Wine farms are peculiar things. Apart from their ability to absorb almost infinite quantities of cash, they are probably the world’s only large-scale production facilities that are worth visiting. Especially in the Western Cape (and also in other parts of the world) they are surrounded by some of the most beautiful scenery imaginable. Cellar-door sales are not a new phenomenon, but it’s only relatively recently that wineries have twigged onto the marketing benefits implicit in hosting consumers on the property.
From Napa to Adelaide and Stellenbosch wine makers are falling over themselves trying to match proper research and statistics to the observed phenomenon of wine tourism. More importantly, they are making substantial investments in both staffing and infrastructure. But often what is needed is nothing more dramatic than good, old-fashioned hospitality, as evidenced by a friend’s experience 20 years ago as UCT student.
While doing some unstructured Saturday morning wine routing they happened upon Vriesenhof, in what could only be described as a somewhat unstructured state. Not sure that there was anything happening, they were about to drive off when a figure appeared in the doorway motioning for them to come inside. The person was none other than the proprietor/winemaker, recently ex-Kanonkop, and famed Springbok flanker, Jan-Boland Coetzee. He proceeded to take them through a tasting of his wines, after which his wife served them soup and bread. My friend has been a wine drinker ever since, with his wine purchases growing in value as he’s climbed the salary ladder.
These days one is more likely to encounter some kind of commercial operation providing the nutritional base to a day of wine tasting. Winery restaurants – whether on a grand or simple scale – are becoming a base requirement. While it’s not exactly at the winery, one of my favourites is the Klein Joostenberg Deli and Bistro, where you’ll find Joostenberg wines showcased alongside Chrisophe Dehosse’s cuisine. Founded on his classical French training, and making extensive use of the homegrown (and butchered) pork, the food is really good and amazingly good value. Wines are served by the glass or bottle at retail (not restaurant) prices. A further benefit is the large family-friendly lawn, complete with playground equipment. It is not unusual to see fathers rough-housing it on the lawn with their kids, or teaching their sons how to kick a rugby ball.
The Retief family of Van Loveren in Robertson was one of the earliest to launch their own brand. Their way of offering wine tasting was to seat people at a table in the garden, and to deposit the bottles in front of them, for them to help themselves. It should be added that the garden was the pride and joy of Jean Retief, the grandmother of the generation currently running the operation. Each tree was planted to commemorate one or other world event or family occasion. And, when someone inevitably became afflicted by wine drinking rather than tasting, she would pass around restorative vetkoek. These days Van Loveren is the only independent winery advertising on television, which must have something to do with the generous manner in which visitors were welcomed to the property.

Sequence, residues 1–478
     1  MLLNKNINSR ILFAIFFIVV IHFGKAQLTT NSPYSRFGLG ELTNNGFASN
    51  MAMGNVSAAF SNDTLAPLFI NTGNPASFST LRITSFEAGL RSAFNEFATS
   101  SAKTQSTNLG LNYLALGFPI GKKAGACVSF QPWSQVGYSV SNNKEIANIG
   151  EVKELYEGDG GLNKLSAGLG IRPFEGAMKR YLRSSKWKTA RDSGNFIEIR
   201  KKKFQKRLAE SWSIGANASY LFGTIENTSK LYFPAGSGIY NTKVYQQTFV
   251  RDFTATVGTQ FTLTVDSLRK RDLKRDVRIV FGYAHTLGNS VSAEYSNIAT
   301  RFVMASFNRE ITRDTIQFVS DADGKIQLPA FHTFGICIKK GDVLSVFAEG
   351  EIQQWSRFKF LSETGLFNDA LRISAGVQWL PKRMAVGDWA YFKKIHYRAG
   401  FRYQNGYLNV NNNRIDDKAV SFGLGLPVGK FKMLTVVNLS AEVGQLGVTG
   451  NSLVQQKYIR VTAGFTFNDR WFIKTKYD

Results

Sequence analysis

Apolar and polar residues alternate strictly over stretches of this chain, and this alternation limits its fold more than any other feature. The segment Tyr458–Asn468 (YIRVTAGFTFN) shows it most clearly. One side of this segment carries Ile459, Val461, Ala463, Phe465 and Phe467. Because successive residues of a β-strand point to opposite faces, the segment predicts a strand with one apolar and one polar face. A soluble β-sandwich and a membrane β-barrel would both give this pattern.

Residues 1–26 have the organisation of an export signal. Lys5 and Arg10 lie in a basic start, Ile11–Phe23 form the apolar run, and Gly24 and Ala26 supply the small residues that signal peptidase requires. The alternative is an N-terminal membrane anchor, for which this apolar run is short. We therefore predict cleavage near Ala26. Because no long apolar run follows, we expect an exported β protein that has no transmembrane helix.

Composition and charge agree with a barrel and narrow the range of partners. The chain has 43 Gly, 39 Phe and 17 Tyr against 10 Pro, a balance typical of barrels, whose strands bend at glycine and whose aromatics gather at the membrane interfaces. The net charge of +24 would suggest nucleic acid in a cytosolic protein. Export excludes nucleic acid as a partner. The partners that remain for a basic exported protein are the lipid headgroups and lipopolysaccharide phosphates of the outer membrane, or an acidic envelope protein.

Robertson is also the region that hosts the Wacky Wine Weekend. This event, during which each cellar in the area (there are many more than the old days of Jean Retief!) puts on additional activities for the nearly 20 000 people that visit over the course of the weekend. The growth of this event has been a phenomenon.
Its genesis, of course, was a response to the perception that Stellenbosch is the alpha and omega of the Cape’s winelands. Admittedly Robertson is a 90-minute drive from Cape Town, compared with Stellenbosch’s 45 minutes, so it is necessary to give people additional reasons to make the drive.
We face similar considerations at Cloof. While Darling is only an hour from Cape Town, it is geographically very much at the fringes of the Winelands. Our answer has been to offer Gourmet BBQ events on alternate Sundays in Spring, Summer and Autumn. In September we’re hosting Rocking The Daisies, a weekend of live music during which several thousand people are expected to either camp for the duration, or visit for the day.
As an industry participant I find it difficult to approach wine routing in the same spirit of discovery (and anonymity) as regular visitors. I achieved this recently during an afternoon of ‘power wine routing’ in Napa Valley, during which I must have visited 15 properties. I was impressed by the enthusiastic and well-trained staff behind the counter (they’re there to sell, after all), which is not something one could say about every site in the Western Cape. The Californians suffer from a ridiculous neo-Prohibition law which says that wine cannot be drunk on the property without a special licence. So, no restaurants and no picnics. Well, at least they have Dean & Deluca on Highway 29.
It is seldom that wine is consumed by people who have actually visited the winery of origin. They have not felt the particular late afternoon cooling breezes, or made the parallels between the personalities of the winemaker and his wines. It is unlikely that they have trudged through the vineyards, or even tasted the unctuous grapes. And it probably isn’t even necessary; after all we happily spend our money on all kinds of things with which we have no physical or geographical connection. But a memorable cellar visit becomes an inextricable part of the experience of drinking that property’s wines in the future.